US 2743174 A
Description (OCR text may contain errors)
United States Patent 9 URANIUM-TITANIUIVI ALLOYS John R. Keeler and Henry A. Saller, Columbus, Ohio, asslgnors, by mesne assignments, to the United States of America as represented by the United States Atomic Energy Commission No Drawing. Application April 25, 1946, Serial No. 664,965
1 Claim. (Cl. 75-122.7)
The present invention is concerned with uranium-base alloys and more particularly relates to uranium-base alloys containing titanium.
Uranium is not resistant to corrosion, therefore one object of the present invention is to so improve the physical properties of uranium and uranium-rich alloys as to enhance the corrosion resistance thereof and render the same useful for various purposes for which uranium and uranium alloys now in use are not satisfactory or etficient.
Still another object of this invention is to produce uranium-titanium alloys which are useful as fuel elements in neutronic reactors, such as disclosed in U. S. Patent No. 2,708,656 to Fermi et a1.
Other objects and advantages of the present invention will be apparent from the following description, taken connection with the appended claim.
The present invention is directed to certain novel uranium-titanium alloys which have certain extremely desirable characteristics. While these uranium-titanium alloys may vary somewhat in their physical characteristics, they are ordinarily characterized by improved corrosion resistance. Generally, such desirable characteristics were observed in uranium-titanium alloys having a titanium content between about 1.0 weight per cent and 15.0 weight per cent. The following chart illustrates a typical set of results obtained by testing these new uranium-titanium alloys.
Wt. loss in mgJem. at end 01'- From these results it is readily apparent that even small amounts of titanium greatly increase the corrosion resistance of uranium.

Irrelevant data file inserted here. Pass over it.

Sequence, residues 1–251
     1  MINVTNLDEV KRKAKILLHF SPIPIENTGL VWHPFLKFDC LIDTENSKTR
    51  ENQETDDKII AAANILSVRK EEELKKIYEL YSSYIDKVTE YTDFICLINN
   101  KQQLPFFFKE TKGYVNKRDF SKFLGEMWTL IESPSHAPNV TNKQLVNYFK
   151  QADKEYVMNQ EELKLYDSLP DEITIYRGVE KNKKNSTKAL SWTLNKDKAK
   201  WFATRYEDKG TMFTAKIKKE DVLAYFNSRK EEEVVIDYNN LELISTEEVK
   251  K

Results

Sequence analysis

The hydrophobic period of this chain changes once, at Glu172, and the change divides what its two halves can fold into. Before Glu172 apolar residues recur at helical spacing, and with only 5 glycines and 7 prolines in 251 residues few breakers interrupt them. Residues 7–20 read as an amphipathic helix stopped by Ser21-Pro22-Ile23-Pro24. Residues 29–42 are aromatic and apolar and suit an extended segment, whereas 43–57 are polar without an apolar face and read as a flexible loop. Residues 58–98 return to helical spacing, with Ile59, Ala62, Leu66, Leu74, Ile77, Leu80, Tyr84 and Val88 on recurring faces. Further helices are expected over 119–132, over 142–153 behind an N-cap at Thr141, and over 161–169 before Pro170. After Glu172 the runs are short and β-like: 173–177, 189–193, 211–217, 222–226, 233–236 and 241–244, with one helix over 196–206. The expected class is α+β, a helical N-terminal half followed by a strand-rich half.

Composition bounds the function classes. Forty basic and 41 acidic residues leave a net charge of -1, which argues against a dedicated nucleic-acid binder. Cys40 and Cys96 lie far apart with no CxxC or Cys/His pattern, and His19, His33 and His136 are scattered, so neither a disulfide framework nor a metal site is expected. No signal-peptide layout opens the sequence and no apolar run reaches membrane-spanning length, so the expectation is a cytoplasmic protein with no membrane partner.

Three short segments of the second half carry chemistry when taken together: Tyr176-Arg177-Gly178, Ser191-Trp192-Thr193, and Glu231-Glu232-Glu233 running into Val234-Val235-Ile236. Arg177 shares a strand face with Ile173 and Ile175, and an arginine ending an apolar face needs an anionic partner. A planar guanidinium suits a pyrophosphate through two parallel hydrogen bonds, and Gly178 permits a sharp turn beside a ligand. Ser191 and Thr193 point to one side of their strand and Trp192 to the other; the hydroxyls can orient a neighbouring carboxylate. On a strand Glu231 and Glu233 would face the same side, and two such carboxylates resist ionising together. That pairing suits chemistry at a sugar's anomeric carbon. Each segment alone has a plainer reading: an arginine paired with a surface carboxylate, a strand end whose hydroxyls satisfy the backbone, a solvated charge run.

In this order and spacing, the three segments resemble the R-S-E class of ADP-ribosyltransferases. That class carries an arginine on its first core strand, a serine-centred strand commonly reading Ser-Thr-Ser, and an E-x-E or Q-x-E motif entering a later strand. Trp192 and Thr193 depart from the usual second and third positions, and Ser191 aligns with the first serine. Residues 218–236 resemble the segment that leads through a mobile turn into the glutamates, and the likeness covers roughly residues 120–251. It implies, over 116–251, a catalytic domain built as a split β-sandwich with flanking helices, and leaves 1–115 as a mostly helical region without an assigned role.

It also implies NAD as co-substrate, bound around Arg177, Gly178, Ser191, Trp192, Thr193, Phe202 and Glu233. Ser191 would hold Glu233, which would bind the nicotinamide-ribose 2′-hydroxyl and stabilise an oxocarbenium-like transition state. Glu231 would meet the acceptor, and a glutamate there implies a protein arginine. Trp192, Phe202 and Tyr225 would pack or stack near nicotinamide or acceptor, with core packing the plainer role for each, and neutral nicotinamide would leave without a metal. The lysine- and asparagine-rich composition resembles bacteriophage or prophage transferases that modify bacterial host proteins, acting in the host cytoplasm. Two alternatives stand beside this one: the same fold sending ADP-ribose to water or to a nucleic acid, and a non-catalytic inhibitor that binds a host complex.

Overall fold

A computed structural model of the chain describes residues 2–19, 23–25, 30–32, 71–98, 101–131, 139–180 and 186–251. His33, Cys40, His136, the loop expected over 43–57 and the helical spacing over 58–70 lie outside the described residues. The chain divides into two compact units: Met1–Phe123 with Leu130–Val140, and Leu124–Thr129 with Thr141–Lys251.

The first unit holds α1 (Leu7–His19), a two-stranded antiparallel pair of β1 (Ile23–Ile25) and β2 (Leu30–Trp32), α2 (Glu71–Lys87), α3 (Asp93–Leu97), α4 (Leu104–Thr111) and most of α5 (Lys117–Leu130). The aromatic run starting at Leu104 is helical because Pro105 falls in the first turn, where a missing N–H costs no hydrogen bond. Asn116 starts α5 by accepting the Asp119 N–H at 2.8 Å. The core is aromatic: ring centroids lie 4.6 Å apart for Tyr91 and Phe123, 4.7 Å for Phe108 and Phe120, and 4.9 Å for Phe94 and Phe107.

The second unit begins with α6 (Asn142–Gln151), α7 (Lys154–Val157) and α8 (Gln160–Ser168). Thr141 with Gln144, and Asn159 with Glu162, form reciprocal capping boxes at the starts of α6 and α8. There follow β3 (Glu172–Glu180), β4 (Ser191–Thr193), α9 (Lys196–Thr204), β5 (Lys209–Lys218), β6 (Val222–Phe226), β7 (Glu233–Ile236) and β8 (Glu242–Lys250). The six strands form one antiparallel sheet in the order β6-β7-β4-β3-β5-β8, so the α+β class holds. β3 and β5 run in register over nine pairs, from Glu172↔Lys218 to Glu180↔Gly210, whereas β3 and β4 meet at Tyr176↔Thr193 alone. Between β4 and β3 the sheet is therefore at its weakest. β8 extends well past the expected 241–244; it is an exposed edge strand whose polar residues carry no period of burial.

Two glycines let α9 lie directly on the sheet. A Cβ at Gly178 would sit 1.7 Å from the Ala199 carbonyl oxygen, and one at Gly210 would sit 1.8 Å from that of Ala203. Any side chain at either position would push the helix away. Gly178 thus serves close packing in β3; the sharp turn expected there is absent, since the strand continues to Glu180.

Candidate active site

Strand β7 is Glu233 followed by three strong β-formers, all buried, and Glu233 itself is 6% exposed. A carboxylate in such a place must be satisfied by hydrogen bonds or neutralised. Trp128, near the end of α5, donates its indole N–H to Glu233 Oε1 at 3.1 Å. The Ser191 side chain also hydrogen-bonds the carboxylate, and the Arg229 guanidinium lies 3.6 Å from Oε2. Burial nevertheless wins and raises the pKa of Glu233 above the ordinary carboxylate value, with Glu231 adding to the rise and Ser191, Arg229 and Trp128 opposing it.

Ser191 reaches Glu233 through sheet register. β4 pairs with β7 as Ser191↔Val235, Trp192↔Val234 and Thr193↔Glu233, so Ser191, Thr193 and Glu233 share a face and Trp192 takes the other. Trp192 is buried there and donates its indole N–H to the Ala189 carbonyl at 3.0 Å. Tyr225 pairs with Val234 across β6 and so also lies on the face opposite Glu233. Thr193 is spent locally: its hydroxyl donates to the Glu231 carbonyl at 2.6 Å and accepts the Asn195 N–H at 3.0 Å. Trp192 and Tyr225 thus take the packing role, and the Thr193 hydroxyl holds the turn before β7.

These new uranium-titanium alloys may be con- 5 veniently prepared by melting together the required amounts of uranium and titanium in a suitable refractory crucible, for example, a beryllia crucible. The uranium and titanium metals should be melted in the absence of oxygen or moisture, as for example in vacuo or in a substantially anhydrous inert atmosphere. If desired, mixing of the metals is facilitated by inductive heating.
By means of microscopic and dilatometric studies it was found that titanium is appreciably soluble in gamma uranium. It was further found that the temperature of the beta-gamma transformation of uranium was lowered as the amount of titanium present in the alloy is increased. For example, in a uranium-titanium alloy containing 3 weight per cent titanium the temperature of the betagamma transformation is about 40 C. lower than that for pure uranium. It was also found that the alpha-beta transformation temperature of uranium was substantially unafiected as the amount of titanium in the alloy was increased, and that titanium is substantially insoluble in alpha uranium.
It will be apparent to those skilled in the art to which this invention pertains that various modifications may be made without departing from the principles of the invention as disclosed herein, and thus it is not intended that the invention should be limited other than by the scope of the appended claim.
What is claimed is:
A corrosion resistant binary alloy consisting of uranium and titanium with the titanium content constituting from 1 weight per cent to weight per cent of the combined uranium-titanium composition.
References Cited in the file of this patent UNITED STATES PATENTS Mellor: Comprehensive Treatise on Inorganic and Theoretical Chemistry, vol. 12, page 38, pub. by Longmans, Green & 00., London.